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Donald Trump brings "America First" up from hell

There was a time when isolationism made a certain amount of sense for America. After all, we're separated from most of the world- and certainly the countries whom we had any reason to fear- by two nice, big oceans. Avoiding foreign entanglements only made sense.

True, there were a few lucrative markets for our products in Europe, and imports were nice, too. But in early America, the prevailing attitude toward what happened on the other side of the Atlantic was the one expressed by that old Polish saying that for some reason is currently becoming popular here: "Not our monkeys, not our circus."

The attitude started to become slightly more problematic with the advent of ships powered by something other than the wind. Trans-Atlantic travel became a matter of days rather than months, and modern ships became a great deal safer. And then came the airplane, and it became a matter of hours.

With the exception of Pearl Harbor, we weren't bombed in World War II,  although the theoretical possibility existed. There was, of course, the failed Japanese attacks on our West coast with incendiary and plague balloons.  But with the advent of jet engines and the intercontinental ballistic missile (and, of course, nuclear weapons), suddenly Fortress America stopped being a sane model of the world.

That didn't stop the isolationists who kept us aloof from World War II until the threat from Germany and Japan because critical and thus prevented us from dealing with it decisively and far less expensively at some earlier point from continuing to spew their nonsense. As much respect as I have in most respects for Robert A. Taft,  his foreign policy would have made him a threat to our national security as president (at least initially; I have no doubt that he would quickly have "evolved," as the expression goes. He was too smart to have stuck with an approach to the world as president that wasn't working for him).

I have less respect for Ron Paul, a fringe figure best written off as a sincere but goofy extremist. And then, there's the newest presidential candidate to embrace isolationism, Donald J. Trump. And he seems to be speaking to an inward-turning urge currently very prevalent in the USA.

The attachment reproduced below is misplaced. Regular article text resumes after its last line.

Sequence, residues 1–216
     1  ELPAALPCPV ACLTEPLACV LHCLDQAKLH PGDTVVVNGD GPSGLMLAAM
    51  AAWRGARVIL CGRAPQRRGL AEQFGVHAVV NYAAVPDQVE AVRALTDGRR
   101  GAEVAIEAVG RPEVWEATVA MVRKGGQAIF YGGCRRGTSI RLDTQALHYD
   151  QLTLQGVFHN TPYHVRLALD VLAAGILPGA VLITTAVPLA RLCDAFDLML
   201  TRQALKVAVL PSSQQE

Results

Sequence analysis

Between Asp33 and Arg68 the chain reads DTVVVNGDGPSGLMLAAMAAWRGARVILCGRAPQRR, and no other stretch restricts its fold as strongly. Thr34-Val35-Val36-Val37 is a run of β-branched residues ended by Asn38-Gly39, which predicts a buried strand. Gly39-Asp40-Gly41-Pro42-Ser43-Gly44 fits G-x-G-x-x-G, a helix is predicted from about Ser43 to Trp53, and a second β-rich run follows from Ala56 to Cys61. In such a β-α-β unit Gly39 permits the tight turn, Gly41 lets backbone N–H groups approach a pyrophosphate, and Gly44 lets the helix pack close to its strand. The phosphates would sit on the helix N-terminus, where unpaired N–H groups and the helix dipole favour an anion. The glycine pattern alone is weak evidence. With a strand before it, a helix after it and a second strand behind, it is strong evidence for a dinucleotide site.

It's an urge I can understand. When France stabbed us in the back in the United Nations Security Council, breaking its promise to support the Second Gulf War (remember "Freedom Fries?") I was as angry as anybody. Whenever some European politician or journalist or YouTube commenter makes some snarky crack about the United States, I, too, experience the urge to retreat into Fortress America and let the ungrateful wretches stew in their own juice.  At then there's Vietnam, and the Gulf and Afghanistan wars and the specter of "mission creep." Despite the attempts of the media to obscure this point, of course, the latter wars never even approached the price in casualties we paid in Vietnam. But the wars have seemed to go on and on, with no prospect of ending and only the prospect of more of the same in the future.

But my reason and my sense of proportion soon kick in. I realize, as Paul and Trump and Pat Buchanan and their ilk do not, the chaos that would  descend on the world were America to abandon our position as the "biggest kid on the block" of the international community. A strong argument can be made for a more multilateralist approach to threats to collective security in most cases, with the caveat that sometimes the international community is the one with its head in the sand and unilateral action may be necessary. But perhaps not as often as we've conducted it in the past. And even those multilateral actions require our leadership. It's expected of us, and it would be irresponsible not to provide it.

And then, there's the cost that the urge to withdraw from the world and the reluctance to pay the price our role in it demands of us has already exacted: the perception not only by our allies but by the world that the United States does not honor its commitments, and that when the going gets tough, we go home. We have convinced the world that we are neither allies to be trusted nor enemies to fear. However big the stick we have carried, we put it down when our arms grow tired of swinging it, with the consequence that neither we nor anyone else is much better off than if we'd never picked it up in the first place.

Trump's protectionist approach to trade would wreck our economy. I have no doubt that Hillary Clinton will be able to make that point quite clearly in the months ahead. But it's an open question whether the American people- war-weary and tired of the both the burden of world leadership and the gratuitous rotten eggs that get thrown at nations that carry it- are ready to continue to bear that burden, as Hillary will urge, or will finally decide to follow Trump in what Monty Python fans might think of as the Sir Robin approach to the problems of the world: "Run away yy!"

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